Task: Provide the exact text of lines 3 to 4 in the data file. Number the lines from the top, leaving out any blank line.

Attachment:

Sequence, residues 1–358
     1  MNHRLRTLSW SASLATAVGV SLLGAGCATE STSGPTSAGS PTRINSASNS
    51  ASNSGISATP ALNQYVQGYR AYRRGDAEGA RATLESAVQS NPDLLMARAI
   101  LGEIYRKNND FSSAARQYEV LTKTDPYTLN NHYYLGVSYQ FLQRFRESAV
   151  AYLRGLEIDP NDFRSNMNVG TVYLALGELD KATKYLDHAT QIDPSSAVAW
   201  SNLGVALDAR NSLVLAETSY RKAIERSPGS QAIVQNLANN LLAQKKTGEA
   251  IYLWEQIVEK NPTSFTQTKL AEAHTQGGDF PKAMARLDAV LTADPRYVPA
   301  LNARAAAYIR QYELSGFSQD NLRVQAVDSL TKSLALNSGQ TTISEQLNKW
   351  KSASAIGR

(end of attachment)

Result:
    51  ASNSGISATP ALNQYVQGYR AYRRGDAEGA RATLESAVQS NPDLLMARAI
   101  LGEIYRKNND FSSAARQYEV LTKTDPYTLN NHYYLGVSYQ FLQRFRESAV